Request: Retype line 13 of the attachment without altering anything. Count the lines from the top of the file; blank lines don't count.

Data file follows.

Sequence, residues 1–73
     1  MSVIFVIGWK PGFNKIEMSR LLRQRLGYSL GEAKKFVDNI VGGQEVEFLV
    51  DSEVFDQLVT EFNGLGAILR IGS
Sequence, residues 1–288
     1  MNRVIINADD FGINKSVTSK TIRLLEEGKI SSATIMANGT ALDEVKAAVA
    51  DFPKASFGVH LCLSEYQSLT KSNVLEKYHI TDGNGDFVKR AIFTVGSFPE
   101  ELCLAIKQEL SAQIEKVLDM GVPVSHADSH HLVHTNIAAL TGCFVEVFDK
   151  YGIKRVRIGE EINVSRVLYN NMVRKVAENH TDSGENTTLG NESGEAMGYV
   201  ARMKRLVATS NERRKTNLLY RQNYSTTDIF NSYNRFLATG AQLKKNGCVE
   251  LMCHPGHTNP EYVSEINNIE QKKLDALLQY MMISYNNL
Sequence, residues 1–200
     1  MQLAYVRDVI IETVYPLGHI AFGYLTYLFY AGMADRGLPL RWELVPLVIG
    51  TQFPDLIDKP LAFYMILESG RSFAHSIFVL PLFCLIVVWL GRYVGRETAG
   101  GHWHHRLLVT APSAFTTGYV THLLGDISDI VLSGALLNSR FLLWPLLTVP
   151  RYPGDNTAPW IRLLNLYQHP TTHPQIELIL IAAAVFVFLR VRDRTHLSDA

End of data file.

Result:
    51  TQFPDLIDKP LAFYMILESG RSFAHSIFVL PLFCLIVVWL GRYVGRETAG